Qualcomm has bought the network-on-chip interconnect intellectual property that has been developed over the last 10 years by Arteris Inc.
Arteris (Sunnyvale, Calif.) confirmed last week that Qualcomm Technologies Inc., a subsidiary of Qualcomm Inc. (San Diego), had acquired certain technology assets from Arteris and hired personnel formerly employed by Arteris. How much Qualcomm paid was not revealed, nor was it disclosed how Arteris will develop over time without ownership of its key technology.
Arteris said it will retain the right to license, support and maintain the existing FlexNoC and FlexLLI product lines in order to fulfill existing and new licensing contracts with its customers. Arteris said it has more than 50 licensees who have utilized FlexNoC interconnect IP on nearly 200 projects, including SoC chips and FPGAs.
Arteris has been a long-time competitor to Sonics Inc. (Milpitas, Calif.), but the commercial landscape changed in May 2013 when leading processor licensor ARM Holdings plc (Cambridge, England) took a license to Sonics' patent portfolio. ARM currently offers its AMBA interconnect technology as a licensable add-on to its processor cores in competition to network-on-chip interconnect offerings from Sonics and Arteris. The Sonics-ARM deal indicated closer cooperation between ARM and Sonics on a next-generation interconnect offering.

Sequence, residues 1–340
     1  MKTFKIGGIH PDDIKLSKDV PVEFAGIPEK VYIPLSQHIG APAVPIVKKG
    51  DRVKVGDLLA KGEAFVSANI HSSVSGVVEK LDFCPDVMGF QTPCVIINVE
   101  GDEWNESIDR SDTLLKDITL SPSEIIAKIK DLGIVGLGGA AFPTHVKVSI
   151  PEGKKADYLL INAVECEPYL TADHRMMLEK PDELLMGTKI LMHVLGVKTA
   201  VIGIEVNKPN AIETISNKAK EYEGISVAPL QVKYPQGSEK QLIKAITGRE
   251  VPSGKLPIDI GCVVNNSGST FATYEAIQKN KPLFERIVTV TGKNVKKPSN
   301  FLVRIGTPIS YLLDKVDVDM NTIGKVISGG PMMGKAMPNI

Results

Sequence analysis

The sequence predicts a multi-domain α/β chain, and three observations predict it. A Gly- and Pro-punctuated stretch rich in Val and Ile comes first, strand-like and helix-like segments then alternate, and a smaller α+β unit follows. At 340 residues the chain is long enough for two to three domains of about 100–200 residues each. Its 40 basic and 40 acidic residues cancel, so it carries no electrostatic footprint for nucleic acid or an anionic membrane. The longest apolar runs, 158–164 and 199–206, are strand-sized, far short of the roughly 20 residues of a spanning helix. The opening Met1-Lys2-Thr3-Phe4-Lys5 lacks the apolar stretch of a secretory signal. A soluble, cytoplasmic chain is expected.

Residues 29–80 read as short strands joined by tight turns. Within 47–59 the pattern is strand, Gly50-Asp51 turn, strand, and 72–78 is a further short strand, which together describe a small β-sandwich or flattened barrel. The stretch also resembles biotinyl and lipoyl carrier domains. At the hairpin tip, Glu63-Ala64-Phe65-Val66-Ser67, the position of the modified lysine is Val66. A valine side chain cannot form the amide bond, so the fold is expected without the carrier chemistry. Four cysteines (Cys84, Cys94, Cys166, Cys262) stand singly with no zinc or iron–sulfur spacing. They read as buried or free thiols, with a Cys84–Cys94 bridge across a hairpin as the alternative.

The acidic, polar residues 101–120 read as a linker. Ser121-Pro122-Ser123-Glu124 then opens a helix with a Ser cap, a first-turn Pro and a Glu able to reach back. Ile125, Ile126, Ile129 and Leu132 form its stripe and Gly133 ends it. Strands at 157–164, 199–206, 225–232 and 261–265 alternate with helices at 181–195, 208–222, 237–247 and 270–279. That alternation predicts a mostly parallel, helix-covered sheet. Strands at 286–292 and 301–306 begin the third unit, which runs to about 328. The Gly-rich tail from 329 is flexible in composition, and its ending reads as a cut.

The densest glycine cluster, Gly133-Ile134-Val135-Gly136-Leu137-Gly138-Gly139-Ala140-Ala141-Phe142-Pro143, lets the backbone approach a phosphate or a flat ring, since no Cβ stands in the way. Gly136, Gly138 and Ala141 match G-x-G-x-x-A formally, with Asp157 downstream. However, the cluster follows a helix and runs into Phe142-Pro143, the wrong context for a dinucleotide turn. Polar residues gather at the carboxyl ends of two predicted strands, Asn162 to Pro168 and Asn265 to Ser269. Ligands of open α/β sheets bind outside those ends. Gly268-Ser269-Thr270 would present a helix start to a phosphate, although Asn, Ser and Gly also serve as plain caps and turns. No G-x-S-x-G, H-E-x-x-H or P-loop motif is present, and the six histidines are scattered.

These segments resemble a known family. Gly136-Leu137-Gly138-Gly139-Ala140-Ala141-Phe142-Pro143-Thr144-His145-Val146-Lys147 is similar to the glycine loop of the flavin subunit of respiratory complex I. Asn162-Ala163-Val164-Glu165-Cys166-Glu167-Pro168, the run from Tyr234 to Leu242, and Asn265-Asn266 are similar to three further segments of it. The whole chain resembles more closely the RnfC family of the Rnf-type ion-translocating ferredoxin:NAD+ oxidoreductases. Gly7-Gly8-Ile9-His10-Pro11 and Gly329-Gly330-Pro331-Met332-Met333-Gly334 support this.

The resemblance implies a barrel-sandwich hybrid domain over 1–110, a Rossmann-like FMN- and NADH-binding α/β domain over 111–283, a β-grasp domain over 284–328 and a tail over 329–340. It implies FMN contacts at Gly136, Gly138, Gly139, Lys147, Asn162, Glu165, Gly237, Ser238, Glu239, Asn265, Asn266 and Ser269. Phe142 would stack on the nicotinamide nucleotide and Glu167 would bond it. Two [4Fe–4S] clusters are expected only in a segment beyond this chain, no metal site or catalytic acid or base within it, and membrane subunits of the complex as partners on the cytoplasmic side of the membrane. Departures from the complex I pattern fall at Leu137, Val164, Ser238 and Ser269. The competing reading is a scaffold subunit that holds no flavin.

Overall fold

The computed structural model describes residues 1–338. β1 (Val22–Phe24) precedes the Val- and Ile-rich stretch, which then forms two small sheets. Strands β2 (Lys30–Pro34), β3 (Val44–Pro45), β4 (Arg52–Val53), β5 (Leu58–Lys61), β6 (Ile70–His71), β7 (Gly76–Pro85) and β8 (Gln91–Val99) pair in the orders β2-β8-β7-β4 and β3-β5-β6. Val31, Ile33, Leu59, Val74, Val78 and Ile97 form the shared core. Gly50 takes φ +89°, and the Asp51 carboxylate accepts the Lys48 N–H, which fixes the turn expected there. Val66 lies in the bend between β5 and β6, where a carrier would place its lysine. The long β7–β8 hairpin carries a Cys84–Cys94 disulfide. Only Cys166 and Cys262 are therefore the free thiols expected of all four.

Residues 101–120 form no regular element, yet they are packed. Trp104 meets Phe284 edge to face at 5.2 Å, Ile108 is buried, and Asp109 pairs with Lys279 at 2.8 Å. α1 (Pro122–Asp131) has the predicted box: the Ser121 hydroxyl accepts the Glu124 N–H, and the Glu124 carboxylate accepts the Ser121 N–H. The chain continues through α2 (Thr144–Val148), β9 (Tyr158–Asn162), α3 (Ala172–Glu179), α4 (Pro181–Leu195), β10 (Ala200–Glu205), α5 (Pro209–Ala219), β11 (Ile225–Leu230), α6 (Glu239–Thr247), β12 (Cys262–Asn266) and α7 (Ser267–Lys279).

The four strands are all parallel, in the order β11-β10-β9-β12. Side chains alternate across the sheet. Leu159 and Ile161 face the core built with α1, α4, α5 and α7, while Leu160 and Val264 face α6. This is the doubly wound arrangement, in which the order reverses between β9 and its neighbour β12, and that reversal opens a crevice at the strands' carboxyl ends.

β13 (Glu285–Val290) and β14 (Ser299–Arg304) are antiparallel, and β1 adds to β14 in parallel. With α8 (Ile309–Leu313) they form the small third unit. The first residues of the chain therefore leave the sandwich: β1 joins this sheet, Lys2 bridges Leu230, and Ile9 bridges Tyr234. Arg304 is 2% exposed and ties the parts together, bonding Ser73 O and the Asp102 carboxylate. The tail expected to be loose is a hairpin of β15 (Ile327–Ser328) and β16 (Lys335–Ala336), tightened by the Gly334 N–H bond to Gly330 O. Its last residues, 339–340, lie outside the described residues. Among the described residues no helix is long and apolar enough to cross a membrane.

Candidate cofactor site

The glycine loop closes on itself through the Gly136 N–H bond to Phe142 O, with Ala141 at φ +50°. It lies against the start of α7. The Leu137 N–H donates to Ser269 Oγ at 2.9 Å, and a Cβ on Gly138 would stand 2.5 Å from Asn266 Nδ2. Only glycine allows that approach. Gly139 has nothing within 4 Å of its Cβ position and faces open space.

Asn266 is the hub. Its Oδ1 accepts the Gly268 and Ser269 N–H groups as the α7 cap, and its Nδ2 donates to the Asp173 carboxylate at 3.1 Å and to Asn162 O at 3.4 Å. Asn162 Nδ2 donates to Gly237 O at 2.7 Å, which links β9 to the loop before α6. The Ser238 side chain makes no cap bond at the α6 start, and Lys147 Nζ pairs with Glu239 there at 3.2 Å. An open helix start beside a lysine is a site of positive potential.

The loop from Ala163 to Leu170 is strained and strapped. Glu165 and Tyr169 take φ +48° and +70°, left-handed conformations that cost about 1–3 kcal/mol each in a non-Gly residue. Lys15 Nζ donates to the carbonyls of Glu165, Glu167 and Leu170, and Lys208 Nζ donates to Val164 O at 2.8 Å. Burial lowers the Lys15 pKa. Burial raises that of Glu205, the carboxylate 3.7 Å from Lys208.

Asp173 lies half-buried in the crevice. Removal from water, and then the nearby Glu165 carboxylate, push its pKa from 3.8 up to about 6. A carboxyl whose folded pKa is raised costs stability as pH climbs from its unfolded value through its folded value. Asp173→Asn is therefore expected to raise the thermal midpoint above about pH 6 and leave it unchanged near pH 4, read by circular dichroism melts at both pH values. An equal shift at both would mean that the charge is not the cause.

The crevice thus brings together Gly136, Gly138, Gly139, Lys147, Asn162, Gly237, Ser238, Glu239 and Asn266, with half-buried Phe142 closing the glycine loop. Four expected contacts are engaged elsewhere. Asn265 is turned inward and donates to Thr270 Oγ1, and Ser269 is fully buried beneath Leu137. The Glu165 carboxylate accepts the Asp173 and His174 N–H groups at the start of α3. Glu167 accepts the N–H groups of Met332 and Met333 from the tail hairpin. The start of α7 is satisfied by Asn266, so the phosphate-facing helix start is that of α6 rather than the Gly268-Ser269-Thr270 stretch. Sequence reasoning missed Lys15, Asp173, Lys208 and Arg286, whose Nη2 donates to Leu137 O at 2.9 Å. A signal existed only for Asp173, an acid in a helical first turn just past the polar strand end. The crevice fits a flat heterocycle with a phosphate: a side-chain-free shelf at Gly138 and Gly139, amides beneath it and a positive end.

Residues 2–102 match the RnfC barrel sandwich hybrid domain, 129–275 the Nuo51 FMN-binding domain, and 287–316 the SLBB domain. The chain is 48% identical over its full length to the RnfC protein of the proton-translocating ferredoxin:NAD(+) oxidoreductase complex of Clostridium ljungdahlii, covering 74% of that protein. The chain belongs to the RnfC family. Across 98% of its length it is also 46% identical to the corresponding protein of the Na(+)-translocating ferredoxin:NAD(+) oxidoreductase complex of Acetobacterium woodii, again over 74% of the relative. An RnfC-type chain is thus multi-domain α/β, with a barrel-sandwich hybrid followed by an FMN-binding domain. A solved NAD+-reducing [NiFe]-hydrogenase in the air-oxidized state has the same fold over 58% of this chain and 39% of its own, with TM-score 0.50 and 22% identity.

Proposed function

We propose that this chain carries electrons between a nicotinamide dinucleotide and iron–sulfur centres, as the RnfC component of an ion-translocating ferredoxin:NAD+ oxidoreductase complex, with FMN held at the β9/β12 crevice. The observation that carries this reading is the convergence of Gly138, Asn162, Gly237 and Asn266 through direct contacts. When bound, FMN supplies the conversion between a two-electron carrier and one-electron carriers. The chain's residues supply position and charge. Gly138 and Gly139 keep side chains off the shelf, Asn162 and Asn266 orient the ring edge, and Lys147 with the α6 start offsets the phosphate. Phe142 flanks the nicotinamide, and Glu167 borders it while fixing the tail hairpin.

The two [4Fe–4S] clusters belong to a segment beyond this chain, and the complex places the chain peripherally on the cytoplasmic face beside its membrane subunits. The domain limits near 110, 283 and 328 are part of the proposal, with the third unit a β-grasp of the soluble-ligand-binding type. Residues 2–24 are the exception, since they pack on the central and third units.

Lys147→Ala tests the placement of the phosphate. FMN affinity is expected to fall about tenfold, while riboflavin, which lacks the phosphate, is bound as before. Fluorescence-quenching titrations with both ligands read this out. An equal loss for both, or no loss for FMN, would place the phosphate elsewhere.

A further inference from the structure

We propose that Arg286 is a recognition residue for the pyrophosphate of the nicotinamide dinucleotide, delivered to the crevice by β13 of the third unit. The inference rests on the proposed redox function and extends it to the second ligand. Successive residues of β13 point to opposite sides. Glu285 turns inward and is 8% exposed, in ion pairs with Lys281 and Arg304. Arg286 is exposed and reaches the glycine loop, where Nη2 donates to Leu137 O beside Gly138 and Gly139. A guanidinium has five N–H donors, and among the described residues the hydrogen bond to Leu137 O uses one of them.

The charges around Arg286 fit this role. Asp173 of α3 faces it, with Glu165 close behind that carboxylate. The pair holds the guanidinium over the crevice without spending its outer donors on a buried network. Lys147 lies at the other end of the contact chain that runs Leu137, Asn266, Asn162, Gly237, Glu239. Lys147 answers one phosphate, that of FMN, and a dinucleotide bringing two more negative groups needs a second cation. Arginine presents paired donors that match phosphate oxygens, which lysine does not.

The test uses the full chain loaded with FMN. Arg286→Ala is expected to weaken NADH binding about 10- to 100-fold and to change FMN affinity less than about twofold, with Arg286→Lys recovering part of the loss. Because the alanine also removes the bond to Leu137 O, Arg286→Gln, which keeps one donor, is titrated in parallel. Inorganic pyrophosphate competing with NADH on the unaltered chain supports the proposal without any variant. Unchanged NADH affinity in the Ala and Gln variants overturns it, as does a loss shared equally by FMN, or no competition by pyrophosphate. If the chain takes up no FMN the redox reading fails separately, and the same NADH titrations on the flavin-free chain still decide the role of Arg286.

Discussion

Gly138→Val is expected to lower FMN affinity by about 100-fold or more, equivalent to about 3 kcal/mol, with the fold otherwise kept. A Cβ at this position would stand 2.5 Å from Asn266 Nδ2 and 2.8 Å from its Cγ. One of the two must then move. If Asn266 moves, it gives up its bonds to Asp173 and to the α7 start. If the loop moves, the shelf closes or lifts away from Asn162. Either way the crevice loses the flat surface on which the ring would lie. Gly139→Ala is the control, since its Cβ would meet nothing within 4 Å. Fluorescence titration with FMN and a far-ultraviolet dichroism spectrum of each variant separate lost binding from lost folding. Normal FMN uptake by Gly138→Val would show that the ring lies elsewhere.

Sonics and ARM have said they will cooperate to support Sonics' power management technologies, intended to deliver power savings via the intelligent control of power to cores.
While this move may have made licensing of FlexNoC harder for Arteris, Qualcomm has seen value in the technology—and the team behind it.
"Arteris NoC technology has been, and will continue to be, a key enabler for creating larger and more complex chips in a shorter amount of time at a lower cost," said Charles Janac, CEO of Arteris, in a statement. "This acquisition of our technology assets represents a validation of the value of Arteris' Network-on-Chip interconnect IP technology."